Former Washington Post Baghdad Bureau Chief Chronicles Early U.S. Missteps in Iraq

Rajiv Chandrasekaran, whose book Imperial Life in the Emerald City paints a bleak portrait of U.S. administrative failures in wartime Iraq, told an Oct. 22 Soda Center audience that he initially had high hopes for the U.S. campaign when he became the Washington Post's Baghdad bureau chief in the weeks after the 2003 invasion.

"I actually thought we could pull it off - a stable democracy on Iraqi terms and a functioning economy," Chandrasekaran told an audience of more than 400 people at an event sponsored by the Committee for Lectures, Art and Music and the Disney Forum.

"Today, the White House would be satisfied with anything short of civil war."

Chandrasekaran, a Moraga native who reported from Baghdad from April 2003 through September 2004, said the Bush administration often sent the wrong people to staff the U.S. Coalition Provision Authority (CPA) in Iraq, failed to appreciate conditions within the country and pursued policies that did not address Iraqis' most pressing needs.

In organizing the CPA, Chandrasekaran said, the White House was more concerned with installing Republican Party loyalists in Iraq than hiring people who could speak Arabic and had previous experience in the region. The vast majority of CPA staff members voted for George Bush in 2000, but fewer than half had ever traveled abroad, let alone worked in a war zone.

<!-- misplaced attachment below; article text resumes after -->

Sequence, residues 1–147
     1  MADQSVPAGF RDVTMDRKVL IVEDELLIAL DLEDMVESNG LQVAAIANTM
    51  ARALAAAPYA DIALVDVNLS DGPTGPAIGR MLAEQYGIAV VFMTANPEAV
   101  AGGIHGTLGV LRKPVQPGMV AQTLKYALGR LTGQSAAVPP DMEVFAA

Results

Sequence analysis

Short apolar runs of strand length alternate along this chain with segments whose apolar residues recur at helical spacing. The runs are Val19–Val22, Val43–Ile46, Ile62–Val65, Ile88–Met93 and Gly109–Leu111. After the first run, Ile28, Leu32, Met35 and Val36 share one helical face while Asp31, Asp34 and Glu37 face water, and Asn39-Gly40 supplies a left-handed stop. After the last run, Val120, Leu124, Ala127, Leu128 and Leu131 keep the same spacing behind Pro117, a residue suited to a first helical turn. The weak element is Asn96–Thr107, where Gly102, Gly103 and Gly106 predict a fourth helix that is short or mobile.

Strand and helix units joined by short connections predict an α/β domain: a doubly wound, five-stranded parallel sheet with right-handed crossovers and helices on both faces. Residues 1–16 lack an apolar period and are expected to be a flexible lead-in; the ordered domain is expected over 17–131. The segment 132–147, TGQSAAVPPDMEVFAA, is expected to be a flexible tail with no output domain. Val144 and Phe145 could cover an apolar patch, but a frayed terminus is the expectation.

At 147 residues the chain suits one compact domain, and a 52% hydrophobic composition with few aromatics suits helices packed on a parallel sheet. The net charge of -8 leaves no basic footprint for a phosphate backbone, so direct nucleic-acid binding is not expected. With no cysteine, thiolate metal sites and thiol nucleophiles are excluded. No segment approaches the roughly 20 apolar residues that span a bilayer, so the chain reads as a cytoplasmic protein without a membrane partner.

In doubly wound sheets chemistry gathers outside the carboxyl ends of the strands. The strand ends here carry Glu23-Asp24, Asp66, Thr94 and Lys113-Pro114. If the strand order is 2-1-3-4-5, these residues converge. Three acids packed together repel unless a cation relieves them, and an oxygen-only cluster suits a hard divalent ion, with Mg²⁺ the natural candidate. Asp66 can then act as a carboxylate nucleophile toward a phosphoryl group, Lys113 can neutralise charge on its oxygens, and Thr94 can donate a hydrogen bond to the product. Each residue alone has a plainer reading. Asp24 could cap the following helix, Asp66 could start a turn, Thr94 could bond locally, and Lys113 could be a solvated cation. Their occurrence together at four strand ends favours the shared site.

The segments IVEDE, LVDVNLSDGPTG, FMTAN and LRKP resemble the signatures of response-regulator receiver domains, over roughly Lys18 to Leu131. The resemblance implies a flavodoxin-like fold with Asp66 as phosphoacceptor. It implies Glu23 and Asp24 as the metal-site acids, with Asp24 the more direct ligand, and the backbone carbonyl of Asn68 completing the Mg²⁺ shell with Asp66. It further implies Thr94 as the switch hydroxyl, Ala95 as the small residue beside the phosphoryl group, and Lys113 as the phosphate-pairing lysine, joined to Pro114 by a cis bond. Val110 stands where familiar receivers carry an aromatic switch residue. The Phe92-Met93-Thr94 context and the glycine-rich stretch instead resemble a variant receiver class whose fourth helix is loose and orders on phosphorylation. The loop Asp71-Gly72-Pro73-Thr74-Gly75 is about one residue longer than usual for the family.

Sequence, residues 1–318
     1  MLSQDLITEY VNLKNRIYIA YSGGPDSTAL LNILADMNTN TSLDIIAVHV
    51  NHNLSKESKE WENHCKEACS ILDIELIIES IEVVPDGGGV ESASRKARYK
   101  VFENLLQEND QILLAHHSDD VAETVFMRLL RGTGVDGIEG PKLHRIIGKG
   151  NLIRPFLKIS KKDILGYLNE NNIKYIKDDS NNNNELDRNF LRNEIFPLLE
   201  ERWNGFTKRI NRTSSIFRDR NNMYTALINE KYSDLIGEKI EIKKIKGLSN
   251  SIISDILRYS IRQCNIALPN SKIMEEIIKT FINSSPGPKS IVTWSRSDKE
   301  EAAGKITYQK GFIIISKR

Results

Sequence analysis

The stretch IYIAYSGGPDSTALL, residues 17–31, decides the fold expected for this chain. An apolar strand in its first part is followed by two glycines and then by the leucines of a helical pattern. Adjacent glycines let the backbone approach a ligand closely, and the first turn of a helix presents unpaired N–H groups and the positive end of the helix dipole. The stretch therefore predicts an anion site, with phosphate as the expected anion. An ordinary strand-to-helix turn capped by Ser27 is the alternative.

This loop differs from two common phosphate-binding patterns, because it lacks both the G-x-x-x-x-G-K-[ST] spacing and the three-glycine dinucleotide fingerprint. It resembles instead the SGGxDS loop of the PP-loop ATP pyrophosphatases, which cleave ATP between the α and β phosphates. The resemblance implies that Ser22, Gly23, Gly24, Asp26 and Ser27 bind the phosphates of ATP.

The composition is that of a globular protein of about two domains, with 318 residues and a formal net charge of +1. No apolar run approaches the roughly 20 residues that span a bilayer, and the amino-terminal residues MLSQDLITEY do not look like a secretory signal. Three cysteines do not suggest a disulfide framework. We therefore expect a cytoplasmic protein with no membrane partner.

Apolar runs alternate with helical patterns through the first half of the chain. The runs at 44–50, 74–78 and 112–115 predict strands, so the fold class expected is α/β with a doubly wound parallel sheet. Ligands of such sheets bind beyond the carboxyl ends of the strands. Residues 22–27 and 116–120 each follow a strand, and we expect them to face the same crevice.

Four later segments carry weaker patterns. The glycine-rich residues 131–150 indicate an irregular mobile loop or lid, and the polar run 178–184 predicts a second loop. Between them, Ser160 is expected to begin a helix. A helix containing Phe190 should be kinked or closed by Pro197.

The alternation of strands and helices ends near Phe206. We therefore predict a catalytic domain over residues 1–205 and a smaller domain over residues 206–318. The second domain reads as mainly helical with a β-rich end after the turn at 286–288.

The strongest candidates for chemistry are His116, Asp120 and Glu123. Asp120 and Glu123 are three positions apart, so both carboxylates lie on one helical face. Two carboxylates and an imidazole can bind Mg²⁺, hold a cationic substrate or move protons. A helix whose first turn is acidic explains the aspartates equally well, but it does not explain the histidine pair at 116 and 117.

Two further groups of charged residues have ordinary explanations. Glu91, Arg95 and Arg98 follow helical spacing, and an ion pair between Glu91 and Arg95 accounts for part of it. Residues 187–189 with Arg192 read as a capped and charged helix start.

"You would have thought that they would have sent the best and the brightest," Chandrasekaran said, providing examples of Middle East and post-conflict experts who were turned away because of party affiliation. "But in many cases they only sent the loyal and the willing."

These personnel decisions ultimately resulted in policies that neglected the situation on the ground. For instance, the CPA developed a system designed to save money on prescription drugs, but did not ensure that basic drugs were available to Iraqi health care providers.

On the economic front, Chandrasekaran said the CPA fixated on rewriting the tax code and modernizing the stock exchange, but did little to alleviate the most serious economic problem facing the country: unemployment that affected 50 percent of Iraqis.

The disconnect between U.S. policy aspirations and Iraqi realities were compounded by the creation of a fortified seven-square-mile Green Zone in Baghdad, which Chandrasekaran called "a little America" and "the Emerald City."

Inside the Green Zone, CPA staff continued their standard routines with minimal disruption. Cafeterias served American food, generators provided nonstop air conditioning while most Iraqis were without electricity, and the bomb blasts and gunshots that kept Iraqis on edge rarely affected the U.S. compound.

"A Wild West-like lawlessness swirled around the walls of the Green Zone, but inside, it had the calm sterility of an American subdivision," Chandrasekaran noted.

Four and a half years after the U.S. invasion, Chandrasekaran noted that up to 100,000 Iraqis are fleeing their homes each month while militias have divided Baghdad into Sunni and Shia neighborhoods.

With an anticipated drawdown of U.S. troops in 2008, Chandrasekaran said the best way to preserve core goals in Iraq is to encourage a more federalist system of government that grants greater autonomy to Shia, Sunni and Kurdish groups concentrated in different areas of the country.

"This kind of federalist, states' rights approach offers the best hope of saving Iraq."

-- John Grennan
Office of College Communications